Decomposing human remains alter the environment through deposition of various compounds comprised of a variety of chemical constituents. Human remains detection (HRD) dogs are trained to indicate the odor of human remains. Residual odor from previously decomposing human remains may remain in the soil and on surfaces long after the remains are gone. This study examined the ability of eight nationally certified HRD dogs (four dual purpose and four single purpose) to detect human remains odor in soil from under decomposing human remains as well as soils which no longer contained human remains, soils which had been cold water extracted and even the extraction fluid itself. The HRD dogs were able to detect the odor of human remains successfully above the level of chance for each soil ranging between 75% and 100% accurate up to 667 days post body removal from soil surface. No significant performance accuracy was found between the dual and single purpose dogs. This finding indicates that even though there may not be anything visually observable to the human eye, residual odor of human remains in soil can be very recalcitrant and therefore detectible by properly trained and credentialed HRD dogs. Further research is warranted to determine the parameters of the HRD dogs capabilities and in determining exactly what they are smelling.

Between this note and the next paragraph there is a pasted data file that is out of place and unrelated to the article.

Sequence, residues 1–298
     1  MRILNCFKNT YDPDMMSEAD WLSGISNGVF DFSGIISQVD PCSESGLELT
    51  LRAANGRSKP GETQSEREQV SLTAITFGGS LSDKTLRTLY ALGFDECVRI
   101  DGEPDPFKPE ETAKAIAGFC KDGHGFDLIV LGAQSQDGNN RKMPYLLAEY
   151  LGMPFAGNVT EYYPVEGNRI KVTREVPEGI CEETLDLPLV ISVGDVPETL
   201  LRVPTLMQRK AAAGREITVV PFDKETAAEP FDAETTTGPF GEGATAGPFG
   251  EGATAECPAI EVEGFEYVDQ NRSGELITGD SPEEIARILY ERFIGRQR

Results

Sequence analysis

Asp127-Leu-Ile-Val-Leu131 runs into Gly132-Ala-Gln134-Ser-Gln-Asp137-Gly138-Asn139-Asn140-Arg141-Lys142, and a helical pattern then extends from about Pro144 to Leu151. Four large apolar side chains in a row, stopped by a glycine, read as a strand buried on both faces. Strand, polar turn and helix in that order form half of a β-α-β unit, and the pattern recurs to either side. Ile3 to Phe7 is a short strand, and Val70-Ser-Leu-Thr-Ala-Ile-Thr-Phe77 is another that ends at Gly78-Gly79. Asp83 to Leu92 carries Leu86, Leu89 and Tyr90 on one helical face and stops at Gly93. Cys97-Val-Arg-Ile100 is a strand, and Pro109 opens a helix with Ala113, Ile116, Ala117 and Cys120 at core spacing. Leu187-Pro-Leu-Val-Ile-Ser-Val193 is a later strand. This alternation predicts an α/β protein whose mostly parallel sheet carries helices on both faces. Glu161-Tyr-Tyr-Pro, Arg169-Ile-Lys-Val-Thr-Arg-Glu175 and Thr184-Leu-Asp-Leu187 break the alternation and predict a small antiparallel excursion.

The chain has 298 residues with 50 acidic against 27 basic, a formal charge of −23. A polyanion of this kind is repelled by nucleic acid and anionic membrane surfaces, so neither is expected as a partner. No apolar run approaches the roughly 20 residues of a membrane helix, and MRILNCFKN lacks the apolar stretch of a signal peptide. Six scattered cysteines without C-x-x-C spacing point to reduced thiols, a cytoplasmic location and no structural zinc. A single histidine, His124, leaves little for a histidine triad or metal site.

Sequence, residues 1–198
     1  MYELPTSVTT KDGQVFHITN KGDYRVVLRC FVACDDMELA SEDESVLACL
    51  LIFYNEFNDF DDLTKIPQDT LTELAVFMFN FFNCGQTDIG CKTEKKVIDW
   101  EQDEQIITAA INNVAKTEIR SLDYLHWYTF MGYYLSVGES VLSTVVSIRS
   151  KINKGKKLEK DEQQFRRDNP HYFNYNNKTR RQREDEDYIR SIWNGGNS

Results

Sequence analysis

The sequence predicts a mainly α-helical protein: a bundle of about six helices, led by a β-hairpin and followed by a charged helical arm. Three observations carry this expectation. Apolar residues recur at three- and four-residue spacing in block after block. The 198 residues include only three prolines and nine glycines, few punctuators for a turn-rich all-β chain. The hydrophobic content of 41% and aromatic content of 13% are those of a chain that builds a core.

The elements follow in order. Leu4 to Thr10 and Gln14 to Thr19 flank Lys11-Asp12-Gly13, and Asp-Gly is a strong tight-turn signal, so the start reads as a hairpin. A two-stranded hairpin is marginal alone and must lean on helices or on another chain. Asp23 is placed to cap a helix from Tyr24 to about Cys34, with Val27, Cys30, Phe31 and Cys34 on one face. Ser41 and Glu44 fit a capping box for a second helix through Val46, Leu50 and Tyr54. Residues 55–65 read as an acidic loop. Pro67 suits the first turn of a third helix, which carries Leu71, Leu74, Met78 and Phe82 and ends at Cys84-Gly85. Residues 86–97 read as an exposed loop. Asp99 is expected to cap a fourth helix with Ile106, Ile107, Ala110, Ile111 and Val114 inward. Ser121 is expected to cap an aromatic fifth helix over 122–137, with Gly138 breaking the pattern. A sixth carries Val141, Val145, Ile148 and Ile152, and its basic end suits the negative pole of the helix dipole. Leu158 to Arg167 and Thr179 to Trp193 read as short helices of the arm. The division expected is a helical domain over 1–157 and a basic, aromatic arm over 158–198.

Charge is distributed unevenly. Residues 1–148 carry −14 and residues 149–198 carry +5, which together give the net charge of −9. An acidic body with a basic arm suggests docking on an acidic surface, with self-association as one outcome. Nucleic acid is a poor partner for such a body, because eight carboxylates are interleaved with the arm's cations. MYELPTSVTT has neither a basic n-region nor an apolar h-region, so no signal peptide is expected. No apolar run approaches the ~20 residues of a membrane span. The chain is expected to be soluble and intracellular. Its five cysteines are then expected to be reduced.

Keywords: Forensic science; Human remains; Human remains detection dogs; Post mortem interval (PMI); Residual cadaver decomposition island (RCDI); Volatile organic compounds (VOC's).
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